Alexander Dargomyzhsky was a composer who composed several operas, including one private. It was developed on the basis of Pushkin’s work The Stone Guest. Dargomyzhsky set it to music with no reference to the traditional libretto. He emphasized the text verbatim, which was extraordinary and also turned out to be his way of approaching realism. His music responded to all words and emotions, following the rules of the existing spoken play. This method did not include operatic conventions, which made it so outstanding (Maes 95). The composer emphasized the fact that he was willing to reveal the truths in his work. He paid attention to the ancient Greek tragedy that was originally sung and considered it to be a great basis for his opera. In this way, his main idea was to “sound directly to express the word” (Taruskin 70).
As Dargomyzhsky got ill, Modest Musorgsky and other composers came to his place to show their performance. They started working on a new project together, which made a great influence on Musorgsky and affected his views on realism. As Dargomyzhsky died, his work was continued. Musorgsky tried that new approach with characteristic songs, which turned out to be rather successful. Becoming devoted to artistic realism, the professionals searched for opportunities to reveal life in the way it was observed in reality. As a result, the composer abandoned repetitions. He stopped using symmetrical music forms and tried to unite aria and recitative for them to sound more natural.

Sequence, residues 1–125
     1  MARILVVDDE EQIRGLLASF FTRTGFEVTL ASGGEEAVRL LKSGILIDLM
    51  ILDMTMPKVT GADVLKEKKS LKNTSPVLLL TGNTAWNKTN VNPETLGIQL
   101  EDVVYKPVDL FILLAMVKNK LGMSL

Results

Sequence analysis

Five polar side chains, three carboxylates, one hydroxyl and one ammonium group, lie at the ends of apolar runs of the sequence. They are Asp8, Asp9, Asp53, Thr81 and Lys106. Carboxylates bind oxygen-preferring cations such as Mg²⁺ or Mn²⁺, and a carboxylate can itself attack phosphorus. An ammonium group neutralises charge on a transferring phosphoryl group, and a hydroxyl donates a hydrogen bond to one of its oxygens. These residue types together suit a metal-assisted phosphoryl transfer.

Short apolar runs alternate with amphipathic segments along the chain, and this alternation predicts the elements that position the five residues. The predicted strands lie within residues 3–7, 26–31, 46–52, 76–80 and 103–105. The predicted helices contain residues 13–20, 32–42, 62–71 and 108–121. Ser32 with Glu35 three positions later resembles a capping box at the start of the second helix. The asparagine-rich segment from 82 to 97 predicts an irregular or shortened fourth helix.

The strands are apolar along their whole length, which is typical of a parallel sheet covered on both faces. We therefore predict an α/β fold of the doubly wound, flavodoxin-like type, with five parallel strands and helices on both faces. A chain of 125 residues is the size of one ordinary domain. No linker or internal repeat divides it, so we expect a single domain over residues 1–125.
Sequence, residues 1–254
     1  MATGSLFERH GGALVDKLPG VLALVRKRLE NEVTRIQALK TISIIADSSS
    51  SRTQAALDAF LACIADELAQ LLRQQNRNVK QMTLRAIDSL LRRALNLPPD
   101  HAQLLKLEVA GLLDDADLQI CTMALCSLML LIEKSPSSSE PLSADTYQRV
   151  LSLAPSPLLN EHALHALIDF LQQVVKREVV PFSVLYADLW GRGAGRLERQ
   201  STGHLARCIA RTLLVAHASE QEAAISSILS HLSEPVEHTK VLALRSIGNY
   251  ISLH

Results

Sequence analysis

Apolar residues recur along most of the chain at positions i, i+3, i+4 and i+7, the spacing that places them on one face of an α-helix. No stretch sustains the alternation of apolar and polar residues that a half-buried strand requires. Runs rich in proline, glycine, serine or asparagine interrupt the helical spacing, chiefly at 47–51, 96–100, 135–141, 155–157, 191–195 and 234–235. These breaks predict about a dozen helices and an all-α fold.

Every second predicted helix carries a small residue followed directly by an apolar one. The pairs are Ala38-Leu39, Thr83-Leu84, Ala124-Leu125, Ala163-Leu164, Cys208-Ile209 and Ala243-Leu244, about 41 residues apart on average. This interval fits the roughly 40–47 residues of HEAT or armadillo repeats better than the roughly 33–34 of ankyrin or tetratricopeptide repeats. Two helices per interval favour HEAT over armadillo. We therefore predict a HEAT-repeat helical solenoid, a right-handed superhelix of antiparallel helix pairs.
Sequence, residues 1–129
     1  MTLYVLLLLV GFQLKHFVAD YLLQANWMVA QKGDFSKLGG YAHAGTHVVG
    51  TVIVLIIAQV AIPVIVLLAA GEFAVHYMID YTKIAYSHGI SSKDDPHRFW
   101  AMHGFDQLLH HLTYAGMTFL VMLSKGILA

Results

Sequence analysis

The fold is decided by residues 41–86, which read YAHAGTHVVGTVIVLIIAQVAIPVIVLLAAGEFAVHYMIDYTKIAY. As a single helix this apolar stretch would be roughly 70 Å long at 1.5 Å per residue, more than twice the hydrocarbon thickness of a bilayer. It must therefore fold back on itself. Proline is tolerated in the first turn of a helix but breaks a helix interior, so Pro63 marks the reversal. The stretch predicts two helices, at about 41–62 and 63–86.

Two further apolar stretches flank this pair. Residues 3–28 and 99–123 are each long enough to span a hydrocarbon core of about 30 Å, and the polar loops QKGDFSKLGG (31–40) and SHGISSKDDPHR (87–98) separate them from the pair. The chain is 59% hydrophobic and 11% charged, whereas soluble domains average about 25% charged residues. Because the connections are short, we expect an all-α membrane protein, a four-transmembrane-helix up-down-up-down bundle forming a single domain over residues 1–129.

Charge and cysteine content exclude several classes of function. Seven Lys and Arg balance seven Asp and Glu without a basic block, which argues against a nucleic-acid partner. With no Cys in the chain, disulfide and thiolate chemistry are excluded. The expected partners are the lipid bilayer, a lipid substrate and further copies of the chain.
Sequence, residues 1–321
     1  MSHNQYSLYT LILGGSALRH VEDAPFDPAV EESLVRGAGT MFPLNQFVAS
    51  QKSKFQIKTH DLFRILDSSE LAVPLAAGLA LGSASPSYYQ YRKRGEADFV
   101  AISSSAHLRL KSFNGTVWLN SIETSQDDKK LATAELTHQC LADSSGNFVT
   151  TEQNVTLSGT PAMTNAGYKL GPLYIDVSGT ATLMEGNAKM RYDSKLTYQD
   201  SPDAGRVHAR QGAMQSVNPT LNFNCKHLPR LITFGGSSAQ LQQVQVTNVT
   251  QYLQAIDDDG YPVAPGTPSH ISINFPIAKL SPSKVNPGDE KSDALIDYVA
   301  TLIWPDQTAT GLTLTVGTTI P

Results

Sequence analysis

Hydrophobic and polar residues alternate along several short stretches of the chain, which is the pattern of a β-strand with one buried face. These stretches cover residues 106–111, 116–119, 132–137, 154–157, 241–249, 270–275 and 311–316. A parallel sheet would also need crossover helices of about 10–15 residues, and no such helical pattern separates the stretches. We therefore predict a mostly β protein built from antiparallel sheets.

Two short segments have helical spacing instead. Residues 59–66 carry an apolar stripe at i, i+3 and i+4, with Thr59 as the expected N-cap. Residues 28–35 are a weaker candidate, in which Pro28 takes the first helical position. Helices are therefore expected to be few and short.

In this way, Musorgsky underlined the value of lyric declamation. The thing was that it should have been syllabic also (Brown 103). In The Marriage, he made a greater step to realism. The humdrum dialogue was introduced to emphasize naturalistic word-setting and vocal writing became valued (Walsh 215).
Musorgsky’s Boris Godunov